(1)Every person commits an offence against this Act, and shall be liable on summary conviction to a fine not exceeding $200, who—
(a)alleges, expressly or by implication, that any persons lawfully married are not truly and sufficiently married; or
(b)alleges, expressly or by implication, that the issue of any lawful marriage is illegitimate or born out of true wedlock.
(2)For the purposes of this section the term alleges means making any verbal statement, or publishing or issuing any printed or written statement, or in any manner authorising the making of any verbal statement, or in any manner authorising or being party to the publication or issue of any printed or written statement.
(3)A person shall not be deemed to make an allegation contrary to the provisions of this section by reason only of using in the solemnisation of a marriage a form of marriage service which at the commencement of this Act was in use by the religious body to which that person belongs, or by reason only of the printing or issue of any book containing a copy of a form of marriage service in use at the commencement of this Act by any religious body."
The proposed changes by Louisa Wall to the Marriage Act (here) do not affect a section such as this. It will remain as it is.
My correspondent goes on to make these observations,
"I take it that this section arose from the
concern of Protestants that Roman Catholics would not recognize their
marriages. But in the current climate, it could take on a new significance in
silencing those who disagree with the proposed changes to the marriage act,
with implications for the church if it discriminates as to who can use a church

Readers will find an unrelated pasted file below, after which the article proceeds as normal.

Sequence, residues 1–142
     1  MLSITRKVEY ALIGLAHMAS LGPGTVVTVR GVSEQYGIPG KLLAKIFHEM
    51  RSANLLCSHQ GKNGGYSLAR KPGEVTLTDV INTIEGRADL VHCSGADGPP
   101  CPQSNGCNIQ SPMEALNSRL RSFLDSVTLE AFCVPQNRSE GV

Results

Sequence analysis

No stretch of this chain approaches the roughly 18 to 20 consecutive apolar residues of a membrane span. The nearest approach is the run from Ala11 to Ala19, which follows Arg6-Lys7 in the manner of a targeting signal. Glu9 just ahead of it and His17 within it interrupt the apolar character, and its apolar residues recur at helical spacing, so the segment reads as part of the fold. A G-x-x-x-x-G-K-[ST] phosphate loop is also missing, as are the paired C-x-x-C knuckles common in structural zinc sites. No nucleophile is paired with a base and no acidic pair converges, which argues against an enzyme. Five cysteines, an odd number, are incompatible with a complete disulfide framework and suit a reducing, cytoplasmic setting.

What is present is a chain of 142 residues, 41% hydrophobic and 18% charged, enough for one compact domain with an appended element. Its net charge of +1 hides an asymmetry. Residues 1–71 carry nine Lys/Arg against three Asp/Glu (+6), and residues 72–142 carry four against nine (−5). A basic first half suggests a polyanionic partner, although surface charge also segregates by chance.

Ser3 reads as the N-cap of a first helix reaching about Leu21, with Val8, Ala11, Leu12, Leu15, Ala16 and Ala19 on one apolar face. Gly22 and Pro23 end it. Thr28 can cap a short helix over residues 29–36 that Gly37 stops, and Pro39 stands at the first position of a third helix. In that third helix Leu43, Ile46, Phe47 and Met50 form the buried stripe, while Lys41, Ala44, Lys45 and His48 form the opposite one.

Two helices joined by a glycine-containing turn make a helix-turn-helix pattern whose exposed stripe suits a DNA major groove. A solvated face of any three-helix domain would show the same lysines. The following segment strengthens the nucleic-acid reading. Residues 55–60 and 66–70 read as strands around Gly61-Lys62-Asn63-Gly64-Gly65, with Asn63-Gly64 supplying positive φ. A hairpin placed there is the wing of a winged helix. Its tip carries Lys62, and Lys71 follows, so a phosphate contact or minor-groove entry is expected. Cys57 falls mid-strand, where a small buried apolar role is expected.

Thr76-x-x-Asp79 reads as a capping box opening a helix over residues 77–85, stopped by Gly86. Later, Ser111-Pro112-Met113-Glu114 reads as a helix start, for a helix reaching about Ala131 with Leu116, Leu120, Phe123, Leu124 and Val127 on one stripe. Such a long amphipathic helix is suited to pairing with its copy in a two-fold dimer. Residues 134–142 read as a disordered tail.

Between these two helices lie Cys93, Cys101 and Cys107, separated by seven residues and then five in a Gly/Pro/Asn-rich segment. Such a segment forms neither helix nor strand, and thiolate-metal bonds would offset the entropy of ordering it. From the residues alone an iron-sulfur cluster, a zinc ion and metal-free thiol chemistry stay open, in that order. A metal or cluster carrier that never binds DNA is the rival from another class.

for a marriage ceremony. One way around this would be for the churches to no
longer act as state celebrants for marriages and only provide a liturgical
ceremony (as is the case in a number of other countries)."
As I take soundings around the church I sense that there is a vocal group supporting a change to our theological definition of marriage which would line up with Louisa Wall's bill, a vocal group supporting the status quo (at least re 'man and woman' at core of definition of marriage) which does not line up with her bill, and a silent group (a silent majority?) which is comfortable with the current civil status quo (which provides for civil unions for same sex couples), perhaps sees no harm in the Wall bill, but disagrees with the idea that the church's sacraments (or, as I prefer, sacramental actions, cf the catechism of our church) can involve two men or two women being joined in 'holy matrimony.'
Were the Wall bill to pass, some great care would be needed in talking about 'marriages' of gay couples. Many Christians who do not agree with the use of the term 'marriage' to encompass a relationship not involving a man and a woman could be at risk of offending against the law.
Even yours truly here, who tries to place the word marriage in scare marks when talking about a concept he does not agree with, could be fined $100 per scare mark when doing so!
Will the newly amended Marriage Act introduce a new discrimination to NZ society: Christians (and Muslims, Mormons, Hindus, social traditionalists) who wish to discuss in some public manner whether two men or two women can be married in the eyes of God will henceforth be discriminated against?
That's a genuine question as I am not clear whether the above section is about statements concerning specific persons or couples rather than general statements about situations pertaining to marriage. I have no wish to run round publicly saying that X and Y are not married. I do have a wish to be able to discuss matters of theological concern in public without impedance from an officious State.